The Ninth Circuit also addressed another interesting issue: The preemption of the Labor Code by the FAA. Federal preemption occurs when federal law takes precedence over state law in an area that Congress has deemed to be exclusive to the federal government. Congressional intent to displace state law could be inferred from a system of regulation “so pervasive that Congress left no room for the States to supplement it” or areas in which the “federal interest is so dominant that the federal system will be assumed to preclude enforcement of state laws on the same subject.” Bernstein, 3 F.4th at 1138 (citing Arizona v. United States, 567 U.S. 387, 399 (2012).  

Congress designated the FAA to regulate the field of aviation safety in the United States based on the “dominance of federal interest in regulation of the country’s airspace”. Montalvo v. Spirit Airlines, 508F.3d 464, 468, 471-72 (9th Cir. 2007). Therefore, federal preemption of California labor law would only occur when the state law “encroach[ed] upon, supplement[ed], or alter[ed] the federally occupied field of aviation safety.” Ventress v. Japan Airlines, 747 F.3d 716, 722-23 (9th Cir. 2014). The Bernstein court found Virgin’s argument that the Labor Code’s regulation of meal and rest breaks encroached on aviation safety to be too tenuous to be persuasive. Bernstein, 3 F.4th at 1139. On the contrary, the court found California’s laws on meal and rest breaks has no direct effect on the field of aviation safety. Id. Further, the Bernstein court’s analysis of the federal rule regulating duty periods for flight attendants showed that Congress did not create a framework of regulation so comprehensive or pervasive to occupy the entire field of flight attendant duty hours. Instead, Congress left room for states to regulate meal and rest breaks within allotted duty hours. Id.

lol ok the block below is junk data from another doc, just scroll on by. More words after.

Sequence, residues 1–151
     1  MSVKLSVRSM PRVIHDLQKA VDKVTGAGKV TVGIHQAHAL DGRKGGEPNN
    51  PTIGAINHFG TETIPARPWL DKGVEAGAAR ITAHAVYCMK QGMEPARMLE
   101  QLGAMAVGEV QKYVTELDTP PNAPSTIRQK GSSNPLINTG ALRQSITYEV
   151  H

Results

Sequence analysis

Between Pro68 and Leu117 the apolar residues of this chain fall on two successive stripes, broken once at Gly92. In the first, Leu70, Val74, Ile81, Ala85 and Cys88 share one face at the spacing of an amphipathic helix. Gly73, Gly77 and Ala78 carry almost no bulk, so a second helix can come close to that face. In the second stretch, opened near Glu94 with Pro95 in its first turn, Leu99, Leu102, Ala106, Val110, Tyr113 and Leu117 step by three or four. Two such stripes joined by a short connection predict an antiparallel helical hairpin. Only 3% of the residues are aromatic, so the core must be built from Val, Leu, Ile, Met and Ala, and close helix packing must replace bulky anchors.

Virgin also argued a second theory of preemption, that California’s meal and rest break rules creates such a conflict with federal regulations as to make following the federal rule impossible (“impossibility preemption”) or the state rules would create an obstacle to the accomplishment and execution of the federal rule (“obstacle preemption”). The California rules would be invalid under “impossibility preemption,” according to Virgin because it would be “physically impossible” to comply with federal rules regulating maximum duty hours, and to comply with California laws regulating rest and meal breaks. Bernstein, 3 F.4th at 1140. The Bernstein court curtly rejected Virgin’s “impossibility preemption” argument. Instead, the appellate court found that compliance with both federal and California rules is possible.

Virgin argued a third theory of preemption - that California’s rules should be preempted under “obstacle preemption” because giving flight attendants meal and rest breaks would create gaps in safety onboard a flight. Virgin asserted that the FAA requires flight attendants to be constantly on call for an emergency. Having flight attendants on mid-flight meals and rest breaks would detract from the Congressionally mandated safety mission of flight attendants. The Bernstein court disagreed and called Virgin’s argument a mischaracterization of the federal rules. Federal rules on flight attendant staffing set a minimum number of flight attendants according to an airplane’s payload the passenger capacity. See 14 C.F.R. § 121.391(a). A related federal rule sets the duties for a minimum number of flight attendants. See 14 C.F.R. § 121.394. These rules only set a minimum floor for Virgin. The Bernstein court reasoned that the rules did not preclude Virgin from staffing additional flight attendants above the minimum levels to comply with both federal safety requirements and state labor requirements. Bernstein, 3 F.4th at 1140-41. Virgin presented three arguments for preemption by the FAA and struck out on all three.